Saturday, February 15, 2014

Gallant Behaviour of an English Sailor, c.1785

Gallant behaviour of an English Sailor in offering a sword to an unarmed Spaniard to defend himself, at the taking of Fort Omoa, in the Bay of Honduras, October 20th 1779, artist unknown, 1779-1787, Wikimedia Commons.

Here is another edition of the sailor at Omoa, which we've seen here before! Copies of this particular print exist in both the collections of the Library of Congress and the National Maritime Museum. Unfortunately, neither of those collections offers an online scan of the image. I have drawn this one from Wikimedia Commons. This print was engraved for Raymond's History of England, a work that (according to the Brighton Royal Pavilion and Museums) was first published in 1754, but continued into 1787. The Library of Congress dates this c. 1785, as the particular edition that this was published in included events through the Spring of 1784.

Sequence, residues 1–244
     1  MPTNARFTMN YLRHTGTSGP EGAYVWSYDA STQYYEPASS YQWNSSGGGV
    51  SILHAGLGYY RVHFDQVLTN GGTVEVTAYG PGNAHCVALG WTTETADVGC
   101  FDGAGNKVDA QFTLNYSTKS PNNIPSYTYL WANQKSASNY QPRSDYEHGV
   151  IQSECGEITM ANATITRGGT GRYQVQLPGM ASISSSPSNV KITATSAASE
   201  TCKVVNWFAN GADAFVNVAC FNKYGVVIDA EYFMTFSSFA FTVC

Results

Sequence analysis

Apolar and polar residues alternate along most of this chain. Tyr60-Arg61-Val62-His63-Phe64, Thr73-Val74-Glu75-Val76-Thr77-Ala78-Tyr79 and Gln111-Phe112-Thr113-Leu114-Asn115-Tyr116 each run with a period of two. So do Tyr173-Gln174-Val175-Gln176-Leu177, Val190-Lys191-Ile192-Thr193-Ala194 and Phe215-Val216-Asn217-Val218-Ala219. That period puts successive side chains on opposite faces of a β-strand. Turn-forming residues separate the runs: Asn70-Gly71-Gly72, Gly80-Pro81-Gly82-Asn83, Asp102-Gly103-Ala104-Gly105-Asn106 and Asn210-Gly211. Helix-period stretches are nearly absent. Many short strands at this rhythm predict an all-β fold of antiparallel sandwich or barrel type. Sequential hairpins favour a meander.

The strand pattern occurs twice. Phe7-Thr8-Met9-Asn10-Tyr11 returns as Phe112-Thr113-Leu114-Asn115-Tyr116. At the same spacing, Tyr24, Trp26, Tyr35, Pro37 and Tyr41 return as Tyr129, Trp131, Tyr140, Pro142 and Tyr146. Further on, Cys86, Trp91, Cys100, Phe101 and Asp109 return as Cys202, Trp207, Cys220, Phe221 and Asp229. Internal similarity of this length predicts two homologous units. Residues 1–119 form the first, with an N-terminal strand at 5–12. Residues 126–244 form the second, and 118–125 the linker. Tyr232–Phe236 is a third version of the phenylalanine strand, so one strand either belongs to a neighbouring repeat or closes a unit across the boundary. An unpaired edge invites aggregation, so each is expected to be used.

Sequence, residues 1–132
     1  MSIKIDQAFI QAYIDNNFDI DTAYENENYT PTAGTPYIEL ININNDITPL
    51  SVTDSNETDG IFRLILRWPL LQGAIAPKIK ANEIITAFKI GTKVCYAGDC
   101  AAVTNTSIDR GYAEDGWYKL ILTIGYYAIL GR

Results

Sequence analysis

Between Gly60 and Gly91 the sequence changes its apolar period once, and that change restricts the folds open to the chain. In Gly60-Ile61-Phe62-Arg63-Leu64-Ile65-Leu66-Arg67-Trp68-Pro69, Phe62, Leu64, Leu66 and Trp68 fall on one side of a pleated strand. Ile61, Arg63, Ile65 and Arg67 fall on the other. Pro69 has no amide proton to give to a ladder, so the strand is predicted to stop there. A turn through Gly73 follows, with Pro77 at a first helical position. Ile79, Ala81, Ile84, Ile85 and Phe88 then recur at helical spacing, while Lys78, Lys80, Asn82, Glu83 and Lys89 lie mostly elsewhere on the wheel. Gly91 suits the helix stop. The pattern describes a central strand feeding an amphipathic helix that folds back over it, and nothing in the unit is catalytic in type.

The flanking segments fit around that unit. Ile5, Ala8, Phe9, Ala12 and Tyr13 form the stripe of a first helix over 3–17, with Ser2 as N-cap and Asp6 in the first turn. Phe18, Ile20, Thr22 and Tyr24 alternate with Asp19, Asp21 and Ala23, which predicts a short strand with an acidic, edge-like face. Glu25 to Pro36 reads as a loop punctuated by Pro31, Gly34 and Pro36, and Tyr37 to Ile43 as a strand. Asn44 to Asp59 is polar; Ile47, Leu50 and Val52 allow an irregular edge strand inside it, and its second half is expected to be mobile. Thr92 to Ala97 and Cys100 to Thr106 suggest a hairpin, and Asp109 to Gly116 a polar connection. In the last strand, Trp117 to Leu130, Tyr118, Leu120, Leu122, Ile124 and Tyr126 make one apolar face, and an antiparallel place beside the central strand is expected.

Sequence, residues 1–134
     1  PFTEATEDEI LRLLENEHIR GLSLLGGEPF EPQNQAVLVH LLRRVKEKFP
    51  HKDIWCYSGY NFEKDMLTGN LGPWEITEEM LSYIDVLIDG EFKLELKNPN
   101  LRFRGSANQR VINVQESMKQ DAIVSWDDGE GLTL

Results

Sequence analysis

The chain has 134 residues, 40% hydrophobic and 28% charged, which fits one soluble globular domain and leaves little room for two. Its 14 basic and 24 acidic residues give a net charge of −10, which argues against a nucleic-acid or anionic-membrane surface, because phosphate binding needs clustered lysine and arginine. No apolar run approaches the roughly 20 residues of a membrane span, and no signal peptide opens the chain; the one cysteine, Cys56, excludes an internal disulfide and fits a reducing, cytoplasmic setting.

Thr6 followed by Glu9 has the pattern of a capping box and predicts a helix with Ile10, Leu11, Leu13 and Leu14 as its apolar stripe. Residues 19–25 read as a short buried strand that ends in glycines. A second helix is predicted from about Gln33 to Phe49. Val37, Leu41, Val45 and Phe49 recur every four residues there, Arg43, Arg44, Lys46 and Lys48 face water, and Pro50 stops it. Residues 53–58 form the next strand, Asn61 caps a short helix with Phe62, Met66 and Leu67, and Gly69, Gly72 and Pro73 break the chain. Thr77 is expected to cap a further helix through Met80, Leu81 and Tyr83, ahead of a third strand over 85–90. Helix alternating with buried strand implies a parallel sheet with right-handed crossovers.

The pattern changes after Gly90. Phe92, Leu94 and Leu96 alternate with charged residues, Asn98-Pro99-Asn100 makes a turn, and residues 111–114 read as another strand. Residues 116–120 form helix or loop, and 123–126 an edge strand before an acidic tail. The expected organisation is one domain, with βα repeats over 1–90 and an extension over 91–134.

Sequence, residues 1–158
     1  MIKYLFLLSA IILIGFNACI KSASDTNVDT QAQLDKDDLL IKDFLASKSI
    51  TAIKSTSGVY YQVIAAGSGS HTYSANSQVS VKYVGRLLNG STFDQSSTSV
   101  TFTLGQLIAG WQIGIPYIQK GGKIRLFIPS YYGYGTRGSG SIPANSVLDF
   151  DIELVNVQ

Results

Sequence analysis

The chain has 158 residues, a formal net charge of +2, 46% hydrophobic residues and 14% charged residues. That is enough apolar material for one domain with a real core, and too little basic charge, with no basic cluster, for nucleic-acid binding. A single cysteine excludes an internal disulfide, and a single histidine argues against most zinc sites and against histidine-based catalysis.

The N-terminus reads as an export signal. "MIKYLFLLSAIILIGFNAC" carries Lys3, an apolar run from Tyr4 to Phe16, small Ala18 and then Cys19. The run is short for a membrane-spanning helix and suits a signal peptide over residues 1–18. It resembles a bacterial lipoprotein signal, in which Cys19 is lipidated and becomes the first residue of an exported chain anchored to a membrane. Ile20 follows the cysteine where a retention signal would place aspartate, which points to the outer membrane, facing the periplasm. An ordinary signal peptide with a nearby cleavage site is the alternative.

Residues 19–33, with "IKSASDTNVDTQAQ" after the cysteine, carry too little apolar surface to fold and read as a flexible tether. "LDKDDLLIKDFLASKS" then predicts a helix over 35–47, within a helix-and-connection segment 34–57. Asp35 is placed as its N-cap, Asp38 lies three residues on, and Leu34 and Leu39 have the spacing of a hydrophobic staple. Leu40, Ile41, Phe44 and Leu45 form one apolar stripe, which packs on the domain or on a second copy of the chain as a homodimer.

Though intended as a historical piece, rather than as a caricature or political cartoon, this engraving portrays the Spaniard in archaic clothing more reminiscent of the seventeenth century than the late eighteenth. Portrayals of Spaniards as backward or out of sync with the times were incredibly common among English cartoonists, but this is the first time I've seen it in a piece that is apparently serious.

The sailor wears no hat, but wears his hair short and loose. Without a neckcloth, his white shirt and jacket hang open. The jacket is single breasted without pockets or collar, ending right at the waist. His trousers end just above the ankle, revealing rounded toe shoes. Three of his mates mount a ladder over the fortress walls, but we can say nothing more about them than that they wear jackets.

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